When Vancouver's Chor Leoni Men's Choir opens its 2021-22 season with Remembrance Day concerts on November 10 and 11 the program will include Dale Trumbore's "Breathe in Hope", Henrik Dahlgren's "Son to Mother", and Ēriks Ešenvalds' "Lux Aeterna". But don't try getting the choir's artistic director Erick Lichte to choose the piece he's most excited about conducting. He says that it would be very difficult.
"What I'm most excited about is our return to live music-making," offers Lichte on the line from his East Van home. "That ability to share this music with people in the audience, with them really hearing us the way that they are meant to. This is our 30th season, and the very first concert that was given by Chor Leoni was a Remembrance Day program, so it holds a very special place for us. That concert has a unique way of creating communion between the audience and the singers because of its subject matter; it's a time for real reflection and I think we get down into some very big topics, but we do so with at least what we hope is great compassion and empathy."
Lichte—who discovered his love of choral music when he was in third grade and his mother took him to see a boys' choir in his hometown of Appleton, Wisconsin—is more forthcoming when it comes to selecting his favourite Christmas song to lead. On December 17, 18, and 20 the Christmas with Chor Leoni program will include such seasonal faves as "Deck the Halls", "Winter Wonderland", and "Hark, the Herald Angels Sing".
"It's always 'Silent Night'," he reveals, "and especially the way we do it as part of our Christmas with Chor Leoni concerts, where the choir typically surrounds our audience with candles and we sing that piece together. And there is again something about that connection that you feel at that time of the year. I'm so excited to do that, especially in our new space at St. Andrew's-Welsey Church. They've renovated that church—it's been a three-year renovation—and the space was always gorgeous, but it is even more beautiful now. So having that celebration of the season in that room has always been a very special thing for me, and that song is, I think, the quintessential one for that experience."
Another highlight of the Christmas program might be the world premiere of Lichte's arrangement of "Auld Lang Syne", which was recorded by Chor Leoni last year but which, due to COVID, hasn't been performed live yet.
"It's a real romper-stomper arrangement of that song," promises Lichte. "It's kinda got hoedown fiddling in it, as well as some really great percussion. So it's a very celebratory take on 'Auld Lang Syne', which can sometimes be a sentimental piece, but this is gonna be kinda the rockin' version of it."
Local choral-music fans who like a little pop in the mix should pencil in the PopCappella II performance on March 4 and 5, which will see the choir joined by a full band comprised of guitarist Keith Sinclair, pianist Ken Cormier, organist Tim Woodford, bassist Jodi Proznick, and drummer Liam MacDonald. The setlist will include material made famous by Stevie Wonder and the Weeknd, and feature tunes like Jimmy Cliff's 'I Can See Clearly Now" and Irving Berlin's "Blue Skies". So how did Lichte—whose favourite pop band "this week" is the Talking Heads—approach the daunting task of deciding which tunes to include?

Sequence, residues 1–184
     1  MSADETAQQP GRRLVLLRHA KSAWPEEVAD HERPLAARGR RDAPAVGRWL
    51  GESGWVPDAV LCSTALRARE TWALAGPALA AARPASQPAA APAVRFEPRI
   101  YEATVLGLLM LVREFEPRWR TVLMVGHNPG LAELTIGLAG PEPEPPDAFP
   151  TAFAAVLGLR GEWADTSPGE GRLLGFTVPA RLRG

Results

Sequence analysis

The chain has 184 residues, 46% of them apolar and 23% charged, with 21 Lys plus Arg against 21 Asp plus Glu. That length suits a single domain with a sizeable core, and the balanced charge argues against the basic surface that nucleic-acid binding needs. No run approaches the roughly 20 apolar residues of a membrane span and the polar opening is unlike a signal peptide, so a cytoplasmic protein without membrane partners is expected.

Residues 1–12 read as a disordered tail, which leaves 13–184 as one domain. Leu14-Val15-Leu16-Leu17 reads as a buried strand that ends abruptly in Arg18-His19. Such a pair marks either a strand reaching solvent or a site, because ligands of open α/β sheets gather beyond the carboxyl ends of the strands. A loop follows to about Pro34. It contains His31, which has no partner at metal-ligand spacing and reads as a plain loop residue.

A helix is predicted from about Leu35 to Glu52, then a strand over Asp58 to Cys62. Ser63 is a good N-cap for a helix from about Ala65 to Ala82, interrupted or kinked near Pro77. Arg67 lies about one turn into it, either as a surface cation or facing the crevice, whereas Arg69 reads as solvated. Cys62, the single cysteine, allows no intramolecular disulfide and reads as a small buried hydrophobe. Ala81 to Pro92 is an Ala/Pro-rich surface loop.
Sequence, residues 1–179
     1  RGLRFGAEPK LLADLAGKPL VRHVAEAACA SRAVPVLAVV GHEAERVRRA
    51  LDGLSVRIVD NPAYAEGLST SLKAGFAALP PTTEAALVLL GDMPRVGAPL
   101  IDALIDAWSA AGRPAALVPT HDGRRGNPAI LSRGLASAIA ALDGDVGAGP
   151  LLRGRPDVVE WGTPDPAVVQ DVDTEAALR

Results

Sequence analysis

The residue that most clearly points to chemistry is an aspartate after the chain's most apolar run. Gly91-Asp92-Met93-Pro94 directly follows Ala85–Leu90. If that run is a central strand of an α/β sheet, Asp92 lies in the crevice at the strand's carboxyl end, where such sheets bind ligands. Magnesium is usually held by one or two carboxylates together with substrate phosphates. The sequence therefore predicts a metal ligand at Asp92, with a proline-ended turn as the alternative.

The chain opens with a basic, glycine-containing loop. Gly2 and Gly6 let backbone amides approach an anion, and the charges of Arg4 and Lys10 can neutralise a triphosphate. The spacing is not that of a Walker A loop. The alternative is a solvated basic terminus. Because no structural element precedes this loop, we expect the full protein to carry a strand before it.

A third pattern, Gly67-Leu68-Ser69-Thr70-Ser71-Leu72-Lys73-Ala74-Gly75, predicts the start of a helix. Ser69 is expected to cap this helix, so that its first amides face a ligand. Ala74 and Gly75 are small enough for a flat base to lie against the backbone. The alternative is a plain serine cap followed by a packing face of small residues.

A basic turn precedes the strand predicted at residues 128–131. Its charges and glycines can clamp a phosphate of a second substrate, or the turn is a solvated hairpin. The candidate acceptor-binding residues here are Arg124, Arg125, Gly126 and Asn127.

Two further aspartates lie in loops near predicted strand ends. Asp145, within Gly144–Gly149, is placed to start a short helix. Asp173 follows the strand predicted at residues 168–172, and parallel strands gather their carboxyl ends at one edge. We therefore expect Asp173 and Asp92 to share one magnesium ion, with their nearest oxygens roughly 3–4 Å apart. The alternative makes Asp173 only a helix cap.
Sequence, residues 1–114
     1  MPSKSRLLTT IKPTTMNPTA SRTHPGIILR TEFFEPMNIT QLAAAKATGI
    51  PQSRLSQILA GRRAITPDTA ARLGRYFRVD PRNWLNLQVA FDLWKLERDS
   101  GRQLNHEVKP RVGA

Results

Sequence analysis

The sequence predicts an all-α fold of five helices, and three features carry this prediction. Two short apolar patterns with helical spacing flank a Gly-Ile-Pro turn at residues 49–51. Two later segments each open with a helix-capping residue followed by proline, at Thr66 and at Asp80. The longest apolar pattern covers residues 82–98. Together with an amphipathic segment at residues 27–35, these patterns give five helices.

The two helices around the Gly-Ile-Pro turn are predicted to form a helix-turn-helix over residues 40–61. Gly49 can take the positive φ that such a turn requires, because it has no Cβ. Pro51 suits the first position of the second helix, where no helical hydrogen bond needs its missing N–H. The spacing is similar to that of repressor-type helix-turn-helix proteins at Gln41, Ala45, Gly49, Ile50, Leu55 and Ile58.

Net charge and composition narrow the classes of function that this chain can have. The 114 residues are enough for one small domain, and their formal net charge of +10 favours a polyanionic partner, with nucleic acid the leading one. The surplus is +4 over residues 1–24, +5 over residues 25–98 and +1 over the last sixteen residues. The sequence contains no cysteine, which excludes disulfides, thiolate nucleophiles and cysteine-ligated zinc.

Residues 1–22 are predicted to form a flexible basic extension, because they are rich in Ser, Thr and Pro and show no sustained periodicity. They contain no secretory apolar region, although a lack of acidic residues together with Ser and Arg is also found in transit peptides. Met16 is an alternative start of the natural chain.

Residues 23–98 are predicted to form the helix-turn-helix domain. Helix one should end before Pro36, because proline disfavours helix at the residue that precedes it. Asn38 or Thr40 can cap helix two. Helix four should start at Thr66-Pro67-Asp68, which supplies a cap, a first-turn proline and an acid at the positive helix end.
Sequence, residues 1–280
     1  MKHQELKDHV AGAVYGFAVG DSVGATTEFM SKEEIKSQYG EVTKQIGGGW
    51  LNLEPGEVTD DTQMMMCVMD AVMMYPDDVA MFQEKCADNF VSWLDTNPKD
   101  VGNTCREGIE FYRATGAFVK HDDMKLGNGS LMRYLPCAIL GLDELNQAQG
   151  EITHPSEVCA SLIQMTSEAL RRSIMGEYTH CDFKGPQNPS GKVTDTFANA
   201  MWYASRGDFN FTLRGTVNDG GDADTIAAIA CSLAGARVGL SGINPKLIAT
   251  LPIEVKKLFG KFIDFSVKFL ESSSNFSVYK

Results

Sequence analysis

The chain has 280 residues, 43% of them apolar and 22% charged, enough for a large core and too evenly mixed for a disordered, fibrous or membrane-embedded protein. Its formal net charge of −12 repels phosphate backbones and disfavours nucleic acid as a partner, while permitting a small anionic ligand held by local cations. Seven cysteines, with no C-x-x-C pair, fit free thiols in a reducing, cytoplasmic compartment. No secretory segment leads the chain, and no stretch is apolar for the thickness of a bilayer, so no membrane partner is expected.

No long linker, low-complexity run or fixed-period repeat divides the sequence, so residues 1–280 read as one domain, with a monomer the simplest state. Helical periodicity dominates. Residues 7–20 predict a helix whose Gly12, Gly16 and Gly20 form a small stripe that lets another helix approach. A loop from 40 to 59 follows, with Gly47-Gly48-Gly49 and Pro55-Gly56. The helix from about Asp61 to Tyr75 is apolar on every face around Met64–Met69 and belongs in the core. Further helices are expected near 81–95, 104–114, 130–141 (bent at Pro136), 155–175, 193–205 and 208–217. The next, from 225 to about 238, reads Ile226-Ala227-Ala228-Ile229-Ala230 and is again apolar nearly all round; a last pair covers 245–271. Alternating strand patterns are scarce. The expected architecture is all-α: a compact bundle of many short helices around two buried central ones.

"That is the trick," he points out. "Once you get into the realm of popular music I think everyone's an expert and everyone has their favourites. I try to approach it in a way where the arrangements are really about what happens when a choir takes on these songs. A lot of times if you go to a choral concert you maybe have a soloist, and the choir sort of sings backup to the soloist on a pop song, and we try not to do that--we really try to have the sound of our full choir doing these pieces. And so finding those fits for Chor Leoni and popular music is real challenging—and finding the right arrangements as well. But I love doing these concerts. They're so fun."
On June 3 Lichte's eighth season with Chor Leoni will conclude with C/4: Canadian Choral Composition Competition, featuring Canadian composers Katerina Gimon, Pierre Simard, and Robert Rival. But before that, A Sound Like This (May 12 to 13), and the VanMan Summit Concert (at the Chan Centre May 14), will see Chor Leoni performing with the Leonids, the nine-voice choral "supergroup" that he assembled. Its members include bass Eric Alatorre, bass-baritones Enrico Lagasca and Jonathan Woody, baritone Sam Kreidenweis, and tenors Dann Coakwell, Andrew Fuchs, Jacob Perry, Steven Soph, and Steven Caldicott Wilson.
"Chor Leoni's always existed as an amateur choir," points out Lichte, "and we've done this VanMan Choral Summit which brings together our large education program called MyVoice, which is usually 150 to 180 young men from all over the Lower Mainland coming together to sing. And the last couple of years we've been bringing in outside professional ensembles to do clinics with all of the singers, but the time that we've had together to do the educational aspects really well has always been so limited. So I really wanted to try to bring together the best ensemble singers in North America, and the pedigree of these singers [in the Leonids] is beyond my wildest dreams.
"So to be able to bring them together into one group is amazing," he raves, "because that hasn't been done anywhere before. The repertoire is truly some of the most amazing, virtuosic pieces ever written for a chamber ensemble like that, so I think my own mind is going to be blown when I hear these guys—and I think our audience is gonna feel that way too. It's gonna be a heck of a time."